I believe that since 1994, South Africa has been in a honeymoon period and since then; the cracks have started getting bigger, engulfing the mere symbols of reconciliation that stood before and with that has exposed the true, dire situation that the country is in. This is not to say that the facts and figures of those living without food/water/education/houses were not enough to make us see reality. The honeymoon is over and the married couple is no longer happy; having rushed into things.
So, to answer the question; is black anger and the other various emotions justified? Before this question is answered, I think we should first consider the role that white people today play in relation to this black anger and lack of reconciliation.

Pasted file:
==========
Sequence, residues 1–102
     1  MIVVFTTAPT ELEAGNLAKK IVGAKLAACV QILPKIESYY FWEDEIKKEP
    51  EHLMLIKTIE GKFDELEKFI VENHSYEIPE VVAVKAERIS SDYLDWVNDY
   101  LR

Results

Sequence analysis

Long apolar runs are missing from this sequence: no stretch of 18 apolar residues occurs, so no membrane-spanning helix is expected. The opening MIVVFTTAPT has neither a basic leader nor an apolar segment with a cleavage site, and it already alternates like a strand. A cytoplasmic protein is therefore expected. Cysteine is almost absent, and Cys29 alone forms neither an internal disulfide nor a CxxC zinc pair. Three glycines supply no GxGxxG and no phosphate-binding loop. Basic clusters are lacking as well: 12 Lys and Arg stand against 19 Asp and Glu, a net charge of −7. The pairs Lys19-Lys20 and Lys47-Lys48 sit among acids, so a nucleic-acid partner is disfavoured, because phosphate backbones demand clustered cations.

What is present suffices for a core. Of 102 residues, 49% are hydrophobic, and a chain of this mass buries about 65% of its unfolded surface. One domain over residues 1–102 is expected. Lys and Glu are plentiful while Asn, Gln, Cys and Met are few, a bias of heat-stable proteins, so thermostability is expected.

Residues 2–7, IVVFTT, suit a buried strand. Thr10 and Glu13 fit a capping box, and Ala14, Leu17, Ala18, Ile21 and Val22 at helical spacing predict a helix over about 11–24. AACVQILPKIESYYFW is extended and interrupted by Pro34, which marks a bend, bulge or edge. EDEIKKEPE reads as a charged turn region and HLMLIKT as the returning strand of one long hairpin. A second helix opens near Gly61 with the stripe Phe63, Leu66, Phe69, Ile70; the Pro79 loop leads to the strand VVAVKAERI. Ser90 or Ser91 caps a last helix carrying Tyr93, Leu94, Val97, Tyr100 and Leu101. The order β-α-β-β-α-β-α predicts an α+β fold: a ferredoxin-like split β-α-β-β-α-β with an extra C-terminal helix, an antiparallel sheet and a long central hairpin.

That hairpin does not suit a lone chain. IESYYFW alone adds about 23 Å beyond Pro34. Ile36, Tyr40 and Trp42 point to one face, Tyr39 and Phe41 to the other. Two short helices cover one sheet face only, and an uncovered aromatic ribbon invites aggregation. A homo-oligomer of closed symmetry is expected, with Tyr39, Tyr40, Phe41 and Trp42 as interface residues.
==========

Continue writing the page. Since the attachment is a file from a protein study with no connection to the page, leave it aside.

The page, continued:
I was Mandela’s generation, I started school in 1994. However, throughout my schooling and more importantly, to this day it is not compulsory to learn an African language. Yes, there are 9 official African languages (in line with reconciliation made) but why are children of today not learning a language spoken by the overwhelmingly vast majority of our country; instead, Afrikaans is chosen. To learn this ‘foreign’ language would put a lot of whites outside their comfort zones and this needn’t be – especially after reconciliation has been made. There has been very little effort from white people in general to immerse themselves in the culture that surrounds them because it’s easier not to. This comfort and lack of action will simply lead to a ‘protection’ of the separation of people.